research and researchers little to "encourage" NIH authors to provide
free full-text access by month 12: More likely, it encourages publishers to
Back-Slide on immediate green (as Nature has done) and instead endorse
self-archiving only after 6-12 months, when the Back Access would kick
Although this will no doubt vary from field to field, the first 1-6
months from publication is the most important "growth" region for research
progress in many fields -- and especially in the biomedical fields that
are NIH's remit.
With 79% of publishers already giving their green light to immediate
postprint self-archiving (and the preprint-plus-corrections strategy
there to cover the remaining 21%), the IK-0 mandate would really leave
it up to authors whether and when to perform that last (Nth) keystroke
that would make their full-text freely accessible (goaded, no doubt,
by eprint requests elicited by the visible metadata, as well as by the
growing evidence of the OA impact advantage and the growth of OA itself).
But what would be the likely effect of the NIH 6-12 policy on this? No
effect at all on the author's first N-1 keystrokes (or, if anything,
a disincentive: "Why do I have to do this now, if the NIH says waiting
up to 12 months is ok?").
And a negative effect on the timing of the Nth keystroke, by encouraging
publisher Back-Sliding from green to Back-Access 6-12, thereby
discouraging authors from adding that Nth keystroke. And with Back Access
6-12 being provided by more and more publishers anyway, NIH-12 could even
make the Nth keystroke beside the point (too late to be of any use).
So let us focus on those critical months 1-6. That all-important
research growth region is now becoming the primary target of the OA
movement in the biomedical fields. In another fast-moving research area
(not under threat from a 6-12 month embargo), astrophysics, Kurtz and
colleagues have reported that one of the major components of the Open
Access advantage in usage and citation impact is *Early Access* (EA):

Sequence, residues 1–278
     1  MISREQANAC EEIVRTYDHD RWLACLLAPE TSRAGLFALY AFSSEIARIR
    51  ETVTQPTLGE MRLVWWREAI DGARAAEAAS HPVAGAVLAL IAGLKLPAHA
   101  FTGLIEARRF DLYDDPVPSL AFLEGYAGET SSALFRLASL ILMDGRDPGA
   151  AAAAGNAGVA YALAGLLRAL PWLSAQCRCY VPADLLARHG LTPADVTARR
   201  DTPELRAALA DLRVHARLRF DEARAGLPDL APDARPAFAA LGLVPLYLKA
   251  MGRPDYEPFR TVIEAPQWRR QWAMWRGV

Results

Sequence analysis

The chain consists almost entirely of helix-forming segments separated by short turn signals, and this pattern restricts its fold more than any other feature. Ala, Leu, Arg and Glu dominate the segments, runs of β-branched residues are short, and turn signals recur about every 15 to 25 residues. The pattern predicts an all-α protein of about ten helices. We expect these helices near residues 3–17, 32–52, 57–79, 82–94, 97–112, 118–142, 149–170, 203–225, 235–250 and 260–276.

making research accessible to all of its would-be users as soon as the
peer-reviewed draft is available (and sometimes even earlier, at the
"OA advantage = EA + AA + QB + OA + UA"
Locking into Back Access instead would needlessly deny research
and researchers the full potential of this critical growth
region. Institutions and research funders mandating IK-0 will overcome the
inertial resistance to performing the keystrokes that has been the only
real barrier to OA for over a decade. Leaving that last keystroke optional
moots all possible objections and leaves nature to take its course.
So NIH-12 will not help, but perhaps it won't hinder too much either.
As to DEPOSIT versus RELEASE embargoes: a pox on both their houses! We
need no embargoes here: what we need is access! Nor do we need central
archiving (as in PubMed Central), at least not as the first port of call:
The author's institution is the co-producer of the research; it is the
natural one to host and harvest its own output, for record-keeping,
CV-generation, performance-evaluation, and enhancing institutional
visibility and prestige (not to mention impact and productivity).
Others, such as NIH and other research funders, can then *harvest* the
OA contents of their fundees' institutional OA Archives (that is what
they are OAI-compliant for, after all!) in order to populate their own
repositories, such as PubMed Central. But NIH and other research funders
need to align themselves with what is in the best interests of research
and researchers -- which is immediate OA -- and not to hamper or retard it
with arbitrary and unnecessary embargoes or depositing constraints.
"For technical and cultural reasons, this study recommends that
the centralised model should not be adopted... [The] central archiving
approach is the 'wrong way round' with respect to e-print provision.
[For] reasons of academic and institutional culture and so long
as effective measures are implemented, individual institution-based
e-print archives are far more likely to fill (and fill quickly)
than centralised archives, because institutions and researchers
share a vested interest in the impact of their research output,
and because institutions are in a position to mandate and monitor
Alma Swan, Paul Needham, Steve Probets, Adrienne Muir, Anne O'Brien,
Charles Oppenheim, Rachel Hardy, Fytton Rowland and Sheridan Brown
(2005). Developing a model for e-prints and open access journal
content for UK higher and further education. Learned Publishing, 18
The Immediate Keystroke Mandate (IK-0) is the optimal policy for reaching
100% at last.
Nature 10 September on Public Archiving (1998)
E-Biomed: Very important NIH Proposal (1999)
Floyd Bloom's SCIENCE Editorial about NIH/E-biomed
Evolving APS Copyright Policy (American Physical Society)
Nature's vs. Science's Embargo Policy (2000)
AAAS's Response: Too Little, Too Late (2001)
APS copyright policy (2002)
Open Letter to Philip Campbell, Editor, Nature (2003)
Shulenburger on open access: so NEAR and yet so far
Nature Web Debate on Open Access (2004)
Elsevier Gives Authors Green Light for Open Access Self-Archiving
A Simple Way to Optimize the NIH Public Access Policy
URGENT support for NIH public access policy
Nature Back-Slides on Self-Archiving [Corrected] (2005)
Please Don't Copy-Cat Clone NIH-12 Non-OA Policy!